Are there any Performance Consultants out there?

At the confernece Josh Bersin said one on the top five indicators of a high performing organisation (in the US) was that they had Performance Consultants.  The only onganisation that I know who has Performance Consultants as a role is the Police.  All my other clients have L&D Managers/Consultants and Business Partners (often ex Personnel experts with a name change) trying to use a pefoemece consulting approach.  My point is that it is diffucult to ask those supporting/challenging questions when you are positioned as a helper (Training) or expert (Personnel).  Perhaps we need to re-postion the role in the eyes of our clients and the simplest thing may be just to creat a new role? 

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  • Nigel, I agree re-positioning a role may be helpful. If a new role is created, I think it needs to give a clear sense of what the tangible output is. I expect most people have a sense that the output from a trainer is training so they can approach a trainer with some confidence if they've concluded they need a training solution.
  • I agree that this is a sticky perception - there are real pay offs for the conspiracy of conveniece and solutioneering. When you ask questions about the performemce problem you are challenging a dominant fantasy and may be stepping on toes. For this reason it is vital to build rapport and trust before you challenge. Anything you can do to build your power, credibity,respect and permision to ask questions will help. Internal L&D departments can be better at promoting successes from goood examples of using a diagnostic approach and just by being brave enough to challenge.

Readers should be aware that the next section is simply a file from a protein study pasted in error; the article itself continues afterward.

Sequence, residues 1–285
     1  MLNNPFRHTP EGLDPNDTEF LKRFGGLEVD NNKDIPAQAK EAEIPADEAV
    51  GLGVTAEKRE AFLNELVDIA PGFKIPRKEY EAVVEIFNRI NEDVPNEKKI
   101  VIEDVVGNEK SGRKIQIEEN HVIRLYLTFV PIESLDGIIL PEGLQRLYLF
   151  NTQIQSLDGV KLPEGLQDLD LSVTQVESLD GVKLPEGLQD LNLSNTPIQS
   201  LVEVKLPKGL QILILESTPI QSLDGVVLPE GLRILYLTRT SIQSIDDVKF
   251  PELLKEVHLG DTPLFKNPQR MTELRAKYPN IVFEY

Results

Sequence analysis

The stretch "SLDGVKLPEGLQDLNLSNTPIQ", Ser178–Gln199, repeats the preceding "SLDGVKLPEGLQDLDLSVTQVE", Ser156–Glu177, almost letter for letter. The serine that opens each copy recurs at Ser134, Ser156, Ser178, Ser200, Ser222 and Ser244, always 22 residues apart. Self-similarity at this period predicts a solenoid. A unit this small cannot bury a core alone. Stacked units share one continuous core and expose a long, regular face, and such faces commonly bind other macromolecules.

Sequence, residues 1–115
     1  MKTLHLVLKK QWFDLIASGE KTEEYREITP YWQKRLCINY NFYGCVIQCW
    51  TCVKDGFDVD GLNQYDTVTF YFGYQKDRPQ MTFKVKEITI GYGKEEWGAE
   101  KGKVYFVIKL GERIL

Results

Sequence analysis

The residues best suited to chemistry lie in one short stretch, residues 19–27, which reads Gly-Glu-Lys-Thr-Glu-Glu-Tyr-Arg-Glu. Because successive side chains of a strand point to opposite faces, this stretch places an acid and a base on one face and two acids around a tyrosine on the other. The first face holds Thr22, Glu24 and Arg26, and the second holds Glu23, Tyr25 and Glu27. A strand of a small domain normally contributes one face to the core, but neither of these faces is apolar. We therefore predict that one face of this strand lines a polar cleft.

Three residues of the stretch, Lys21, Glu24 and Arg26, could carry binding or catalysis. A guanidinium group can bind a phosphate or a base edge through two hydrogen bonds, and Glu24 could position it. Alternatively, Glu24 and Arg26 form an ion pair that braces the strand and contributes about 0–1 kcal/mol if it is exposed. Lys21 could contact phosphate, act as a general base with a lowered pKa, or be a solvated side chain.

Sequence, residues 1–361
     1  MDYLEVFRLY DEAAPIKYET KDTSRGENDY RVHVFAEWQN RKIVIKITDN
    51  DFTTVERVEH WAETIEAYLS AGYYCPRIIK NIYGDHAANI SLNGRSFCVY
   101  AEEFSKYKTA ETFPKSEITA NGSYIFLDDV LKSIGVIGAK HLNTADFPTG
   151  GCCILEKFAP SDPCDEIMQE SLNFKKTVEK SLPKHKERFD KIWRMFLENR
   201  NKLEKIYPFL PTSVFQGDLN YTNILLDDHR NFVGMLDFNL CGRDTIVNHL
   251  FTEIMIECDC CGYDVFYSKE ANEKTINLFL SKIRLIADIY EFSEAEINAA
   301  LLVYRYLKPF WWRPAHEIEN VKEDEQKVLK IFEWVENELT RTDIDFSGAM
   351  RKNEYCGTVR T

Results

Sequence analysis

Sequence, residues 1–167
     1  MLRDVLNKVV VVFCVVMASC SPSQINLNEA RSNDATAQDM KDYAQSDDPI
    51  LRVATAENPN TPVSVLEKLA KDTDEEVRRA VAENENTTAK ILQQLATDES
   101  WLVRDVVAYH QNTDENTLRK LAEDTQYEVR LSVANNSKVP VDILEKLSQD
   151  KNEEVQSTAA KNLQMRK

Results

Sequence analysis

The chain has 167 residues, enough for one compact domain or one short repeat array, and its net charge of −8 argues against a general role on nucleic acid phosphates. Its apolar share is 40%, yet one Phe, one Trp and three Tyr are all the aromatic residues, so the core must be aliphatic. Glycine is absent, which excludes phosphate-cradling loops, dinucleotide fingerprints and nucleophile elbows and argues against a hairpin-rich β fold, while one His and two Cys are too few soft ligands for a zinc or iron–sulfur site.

• Nigel,

    Difficult one really because in L&D we still have to contend with traditional values being assigned to us and they're very sticky. It wasn't so long ago (5 years) that the senior trainer in our part of the organisation insisted on being called Senior Lecturer. So people have got years of a reinforced view that training = lecturing. Even now, people thing Learning Consultant is a fancy title for Trainer. And this is even when we don't give any training and they know it.

    Whilst I like the approach and agree to some extent, the question isn't about changing the role title but changing the sticky perception that Learning = Training = Lecturing. I have some ideas on this but I'd be interested to know your thoughts.
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